The Cabinet meeting room, where Aung San and his ministers were gunned down 19 Juli 1947

Revisiting the killing of Burma’s Aung San and his dream

Rangoon, March 2019. It is with a chilling feeling that I try to take in all the details of the room in through the dirty glass doors. A rusty padlock prevents me from entering. Dozens of bullit holes can still be seen in the walls.  This is where the four assassins in green army uniforms struck 19 July 1947, at 10:37 a.m., armed with British stenguns.  Seconds later, Burma’s independence hero Aung San’s body was on the floor riddled with specially made dum-dum bullits, designed to ensure a kill.

Around Aung San were the bodies of six cabinet members of the Burmese government and the secretary.  A few meters outside the cabinet meeting room, lay the body of Aung San’s lone bodyguard, who had tried to stop the assassins.  Still today, he is honored with a photo copy of his photo and his name.

Aung San and his cabinet had met that fateful morning to discuss the multitude of challenges facing the new interim government of Burma, only a few months after the British colonial empire had started falling apart. The meeting took place at the enormous Secretariat, built to accommodate the British colonial administration in Burma’s capital Rangoon.   Considering the tensions in post colonial Burma, it is unbelievable that there was virtually no protective measures at the headquarters of the new Government, except for a single body guard.


Aung San’s body guard honored on the wall on the spot where he was found dead.

The three assassins made their way with no resistance except for the lone bodyguard.  “They just ran up the stairs and stormed into the cabinet room, a few minutes later they left the same way they came in. A jeep was waiting for them downstairs and they just drove away,” I am told by a renovation project manager, who has offered to show us around in the vast building complex.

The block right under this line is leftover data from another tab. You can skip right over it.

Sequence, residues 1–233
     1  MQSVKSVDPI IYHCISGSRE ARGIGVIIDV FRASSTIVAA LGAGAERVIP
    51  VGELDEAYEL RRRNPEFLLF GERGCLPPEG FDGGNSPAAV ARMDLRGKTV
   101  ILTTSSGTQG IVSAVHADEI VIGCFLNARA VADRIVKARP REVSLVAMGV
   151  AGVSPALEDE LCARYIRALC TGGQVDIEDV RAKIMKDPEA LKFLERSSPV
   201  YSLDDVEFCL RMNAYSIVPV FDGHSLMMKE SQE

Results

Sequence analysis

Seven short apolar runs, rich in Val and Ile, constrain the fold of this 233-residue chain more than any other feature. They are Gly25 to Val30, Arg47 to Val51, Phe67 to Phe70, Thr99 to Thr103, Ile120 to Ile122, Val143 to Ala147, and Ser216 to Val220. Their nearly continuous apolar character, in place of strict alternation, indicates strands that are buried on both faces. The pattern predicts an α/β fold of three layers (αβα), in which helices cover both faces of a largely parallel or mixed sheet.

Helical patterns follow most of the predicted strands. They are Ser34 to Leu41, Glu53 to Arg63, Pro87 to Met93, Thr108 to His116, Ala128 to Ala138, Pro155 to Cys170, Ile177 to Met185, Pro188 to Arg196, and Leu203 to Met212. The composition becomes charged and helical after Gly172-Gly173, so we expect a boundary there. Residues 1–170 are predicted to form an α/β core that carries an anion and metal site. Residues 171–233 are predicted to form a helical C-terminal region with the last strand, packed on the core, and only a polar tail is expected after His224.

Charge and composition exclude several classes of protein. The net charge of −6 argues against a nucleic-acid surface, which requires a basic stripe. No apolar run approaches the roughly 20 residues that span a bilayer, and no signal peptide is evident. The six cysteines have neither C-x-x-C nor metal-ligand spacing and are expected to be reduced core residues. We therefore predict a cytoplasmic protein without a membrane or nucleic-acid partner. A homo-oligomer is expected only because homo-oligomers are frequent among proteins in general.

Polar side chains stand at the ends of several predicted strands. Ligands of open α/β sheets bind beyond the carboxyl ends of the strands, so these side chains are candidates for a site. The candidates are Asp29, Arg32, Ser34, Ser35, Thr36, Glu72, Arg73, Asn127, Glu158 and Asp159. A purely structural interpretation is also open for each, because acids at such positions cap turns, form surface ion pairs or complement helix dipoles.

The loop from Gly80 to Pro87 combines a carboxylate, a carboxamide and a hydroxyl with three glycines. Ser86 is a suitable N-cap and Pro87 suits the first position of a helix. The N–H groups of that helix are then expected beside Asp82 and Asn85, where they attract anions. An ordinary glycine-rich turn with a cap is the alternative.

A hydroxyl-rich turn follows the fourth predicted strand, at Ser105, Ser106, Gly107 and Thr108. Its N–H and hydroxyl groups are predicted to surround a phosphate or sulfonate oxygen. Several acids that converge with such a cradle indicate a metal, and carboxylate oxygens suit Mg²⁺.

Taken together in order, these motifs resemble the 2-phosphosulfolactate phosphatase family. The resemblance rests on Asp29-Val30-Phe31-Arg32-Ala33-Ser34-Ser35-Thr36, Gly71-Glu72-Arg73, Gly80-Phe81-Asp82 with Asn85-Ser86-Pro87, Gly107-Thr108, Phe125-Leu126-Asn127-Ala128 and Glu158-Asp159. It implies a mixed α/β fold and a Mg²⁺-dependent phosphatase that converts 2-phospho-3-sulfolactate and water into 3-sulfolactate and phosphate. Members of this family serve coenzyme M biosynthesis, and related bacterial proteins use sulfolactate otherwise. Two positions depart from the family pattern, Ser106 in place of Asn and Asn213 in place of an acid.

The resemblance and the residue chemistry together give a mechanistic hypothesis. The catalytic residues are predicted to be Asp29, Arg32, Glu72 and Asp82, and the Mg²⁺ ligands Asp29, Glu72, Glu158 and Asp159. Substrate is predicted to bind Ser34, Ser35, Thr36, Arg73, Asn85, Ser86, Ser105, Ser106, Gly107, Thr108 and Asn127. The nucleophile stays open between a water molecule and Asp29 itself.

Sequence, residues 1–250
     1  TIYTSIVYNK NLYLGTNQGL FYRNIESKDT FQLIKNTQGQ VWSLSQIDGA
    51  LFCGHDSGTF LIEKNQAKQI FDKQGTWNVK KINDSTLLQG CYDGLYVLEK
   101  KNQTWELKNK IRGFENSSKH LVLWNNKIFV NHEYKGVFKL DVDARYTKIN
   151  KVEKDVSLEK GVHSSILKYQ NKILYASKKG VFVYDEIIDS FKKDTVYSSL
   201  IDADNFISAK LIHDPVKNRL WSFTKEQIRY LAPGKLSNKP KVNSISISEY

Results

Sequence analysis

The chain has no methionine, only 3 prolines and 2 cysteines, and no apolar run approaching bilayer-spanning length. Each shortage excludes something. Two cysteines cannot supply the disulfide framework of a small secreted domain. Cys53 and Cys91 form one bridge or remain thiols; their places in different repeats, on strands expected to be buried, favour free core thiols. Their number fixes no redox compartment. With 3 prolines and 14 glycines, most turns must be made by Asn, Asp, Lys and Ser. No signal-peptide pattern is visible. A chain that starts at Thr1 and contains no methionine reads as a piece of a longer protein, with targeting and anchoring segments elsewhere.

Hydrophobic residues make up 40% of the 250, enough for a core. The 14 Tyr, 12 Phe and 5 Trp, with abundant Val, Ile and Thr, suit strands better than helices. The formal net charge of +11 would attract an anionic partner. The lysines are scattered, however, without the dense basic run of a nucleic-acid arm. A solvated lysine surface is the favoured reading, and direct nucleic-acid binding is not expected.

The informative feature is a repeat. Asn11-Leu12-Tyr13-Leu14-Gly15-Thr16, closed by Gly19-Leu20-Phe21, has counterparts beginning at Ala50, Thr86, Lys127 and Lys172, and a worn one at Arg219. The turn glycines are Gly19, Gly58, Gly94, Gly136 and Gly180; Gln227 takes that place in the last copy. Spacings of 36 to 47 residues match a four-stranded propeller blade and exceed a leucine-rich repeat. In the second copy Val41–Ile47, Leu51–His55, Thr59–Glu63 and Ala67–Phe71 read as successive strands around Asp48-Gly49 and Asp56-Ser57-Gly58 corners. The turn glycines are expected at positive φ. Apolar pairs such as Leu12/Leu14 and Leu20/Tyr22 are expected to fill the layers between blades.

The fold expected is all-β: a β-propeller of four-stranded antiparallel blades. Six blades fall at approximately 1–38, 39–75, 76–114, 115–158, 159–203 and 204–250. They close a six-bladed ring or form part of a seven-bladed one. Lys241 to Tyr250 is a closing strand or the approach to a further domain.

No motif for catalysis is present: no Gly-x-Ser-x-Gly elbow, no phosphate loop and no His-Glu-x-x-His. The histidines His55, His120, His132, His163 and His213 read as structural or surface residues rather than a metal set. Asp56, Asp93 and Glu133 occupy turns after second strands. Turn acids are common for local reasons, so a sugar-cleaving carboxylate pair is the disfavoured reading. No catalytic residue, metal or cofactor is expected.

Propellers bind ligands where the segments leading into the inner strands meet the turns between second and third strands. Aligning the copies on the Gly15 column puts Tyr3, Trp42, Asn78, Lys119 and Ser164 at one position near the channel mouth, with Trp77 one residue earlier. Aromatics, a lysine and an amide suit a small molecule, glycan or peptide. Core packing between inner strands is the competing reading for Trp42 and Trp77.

After decades of neglect and closure to the public,  private investors have been allowed to restore the Secretariat.  From the outside it looks nearly complete, repainted in its original beauty of splendid yellow and red colors.  Workers in flip flops are sweating, while they install an enormous clock (made in Japan) where the original British time piece used to be on the top floor of the entrance building.


The Secretariat is being restored to former glory by private investors.

The interior tells a different story.  Hundreds and hundreds of bigger and smaller rooms and the connecting hallways look like they are beyond repair. Endless meters of decay.   There must be a two digit billion USD expense waiting for the investors there.  A single staircase is coming close to completion. It gives me some idea, how beautiful the end result will be, if the investment funds do not dry out.


It is unclear, exactly how the investors plan to ensure their profits.  Cafés, restaurants and shops are mentioned, but there are no real investment prospects, only rumors.

Then again, the Secretariat has been all about rumors, ever since the massacre in 1947.  The presumed assassins were arrested the same day in the villa of U Saw, Aung San’s fierce political rival. U Saw himself was arrested as well, while he was having a whisky in his splendid home at the Inya lake.  Less than a year later, U Saw and his alleged co-conspirators were tried and executed by hanging.


Aung San and U Saw (with sunglasses) celebrating Burma’s independence, a few months before the massacre.

It has been argued for decades that the massacre in fact was the murder of an entire nation in the making, and that British military intelligence master minded the killings to prevent Aung San and his allies from establishing a socialist Burma.

It is well documented that the assassins were using British weapons, reportedly stolen from a break-in into a British munitions depot.  However, it was soon disclosed that two British senior officers had been involved in large scale supplies of weapons to U Saw and his allies.  It is inconceivable that the officers acted on their own.  They both escaped from Burma along with a senior British diplomat,  who allegedly was involved on the ground as well.


The last photo of Aung San and his family. Aung San Suu Kyi is in front as a 2 year old. Her foster mother Ma Than E gave the photo to me, when I interviewed her in 1991.

If Burma indeed became a victim of a British destabilisation attempt, it was very succesful.  During the first few months of indepence, Aung San had managed to sign peace treaties with the most important ethnic minorities.  His death plunged Burma into a renewed bloody chaos, which has marred Burma ever since – and sadly enough also now destroying the international reputation of Aung San’s  daughter Aung San Suu Kyi, once a rock star Nobel laureate.

Now Suu Kyi has become a paria being shunned by her former international supporters, who sees her as a silent accomplice to the violent persecution of the muslim Rohingya’s in present day Burma – this tragedy is yet another legacy of the British empire.


The victims of the massacre in The Secretariat.